It should be noted that considerable differences can be observed on comparing the EIS data for the PbGeO3-GNS2(20 wt.%) anode to the data for the pure PbGeO3 anode. On the one hand, the Rct values for the PbGeO3-GNS2 anode before cycling and after 50 cycles are both lower than those of the PbGeO3 anode, respectively. It can be assumed that the GNS in the composite could serve as a highly electrically conductive matrix and enable efficient charge transport at the electrode/electrolyte interface, resulting in suppression of the interparticle resistance of the anode by incorporating the GNS in a composite with PbGeO3. On the other hand, the Rct value after 50 cycles is increased by 130% (from 109 to 251 Ω) for the pure PbGeO3 anode, while there is only an increase of approximately 14% (from 83 to 95 Ω) for PbGeO3-GNS2 anode. Due to the alleviation of Ge volume changes and the particle agglomeration by the GNS in the composite anode during cycling, the electrode integration can be well maintained, which could significantly restrain the increase of Rct.

To characterize the changes in the structure of the PbGeO3-GNS2 composite before and after cycling, a morphological study was conducted on the composite after 50 cycles, and the TEM image is shown in Fig. 6(a). The cycled composite shows a similar morphology to the PbGeO3-GNS2 composite before cycling [see Fig. 2(e)], illustrating that the nanowire structure was retained after 50 cycles. The element distribution in the anode was analysed by EDS over the rectangular region in Figure 6(b). The obtained distributions of different elements are shown in Figure 6(c). The EDS mapping indicates that Pb, Ge, and O are uniformly distributed on the nanowires, and the structural stability of the PbGeO3-GNS2 anode was further confirmed. It was reported previously that germanate nanowire anode could ensure fast Li-ion insertion/removal during cycling, offering excellent electrochemical performance14,23. Additionally, the 1-D nanowires are robust enough to maintain the initial morphology, minimizing the strain of the Ge volume change. More importantly, the conductive GNS matrix not only acts as an elastic buffer spacer to further accommodate the Ge volume change, but also prevents the nanowires from agglomerating and restacking during the Li-ion insertion/extraction processes, which is favourable for improving the electrochemical performance of the anode material.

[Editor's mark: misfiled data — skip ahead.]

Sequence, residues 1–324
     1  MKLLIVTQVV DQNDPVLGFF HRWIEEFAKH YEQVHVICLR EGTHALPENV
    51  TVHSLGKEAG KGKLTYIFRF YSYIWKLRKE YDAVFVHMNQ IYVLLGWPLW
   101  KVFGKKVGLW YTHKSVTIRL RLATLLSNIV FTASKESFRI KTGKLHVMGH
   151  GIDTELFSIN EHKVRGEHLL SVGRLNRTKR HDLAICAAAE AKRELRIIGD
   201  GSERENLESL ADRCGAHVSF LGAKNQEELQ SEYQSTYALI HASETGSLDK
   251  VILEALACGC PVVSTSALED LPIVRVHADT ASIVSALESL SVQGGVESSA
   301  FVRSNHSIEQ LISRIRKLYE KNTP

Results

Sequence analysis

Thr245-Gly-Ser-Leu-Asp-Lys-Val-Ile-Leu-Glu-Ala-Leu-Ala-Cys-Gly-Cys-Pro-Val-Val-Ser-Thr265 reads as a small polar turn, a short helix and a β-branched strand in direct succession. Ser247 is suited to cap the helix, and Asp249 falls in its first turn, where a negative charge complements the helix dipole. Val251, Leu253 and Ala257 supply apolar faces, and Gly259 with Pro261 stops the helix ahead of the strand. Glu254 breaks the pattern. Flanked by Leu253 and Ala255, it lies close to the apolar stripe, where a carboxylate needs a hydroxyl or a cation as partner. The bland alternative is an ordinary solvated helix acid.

Figure 6
Figure 6

(a) TEM, (b) STEM, and (c) corresponding element mapping images of the PbGeO3-GNS2(20 wt.%) anode after 50 cycles.

Discussion

In conclusion, novel PbGeO3-GNS composites have been synthesised by a simple and effective in situ hydrothermal method, in which PbGeO3 nanowires with diameters in the range of 100–200 nm are embedded in conductive and interconnected GN networks. The charge-discharge mechanism during cycling is recognized to originate from the decomposition of PbGeO3 into Pb, Ge, and Li2O, leading to reversible lithiation and de-lithiation for Pb and Ge, accompanied by a partial Ge oxidation reaction by Li2O. The PbGeO3-GNS anodes exhibit superior cycling performance compared to the pure PbGeO3 anode, delivering enhanced discharge capacities after 50 cycles and displaying obviously improved rate capability. The improvements can be attributed to the GN matrix in the composites, which increases the electrical conductivity of the composite anodes, maintains the structural integrity of the composite anodes by alleviating volume changes and particle agglomeration, and provides more efficient paths for lithium diffusion in the composite anodes, so as to enhance electrochemical activities towards lithium insertion and de-insertion during cycling.

Methods

Synthesis of the PbGeO3-GNS composites

Graphene oxide (GO) was synthesized from natural graphite powder (Fluka) according to a modified Hummers method, as reported elsewhere41. To prepare the PbGeO3-GNS composites, 50 mg GO and Pb(CH3COO)2·3H2O were first added into 50 mL distilled water and ultrasonically treated for 1 h. The suspension was then mixed with 10 mL GeO2 solution, followed by constant stirring for 30 min. The mixed solution was then transferred into a 100 mL autoclave with a Teflon liner. The autoclave was maintained at 180°C for 24 h, and then rapidly cooled to room temperature in air. The final products ware collected, washed with deionized water and ethanol three times, and dried in a vacuum oven at 60°C for 12 h. By using this method, three PbGeO3-GNS composites were fabricated using 0.15, 0.3 and 1.5 mmol Pb(CH3COO)2·3H2O, respectively, and GeO2 precursor solution with the same amount of GO (50 mg). The composites above are designated as PbGeO3-GNS1, PbGeO3-GNS2, and PbGeO3-GNS3, respectively. The pure GNS and the PbGeO3 were also synthesized by the same method for comparison without the precursor solution and the GO, respectively.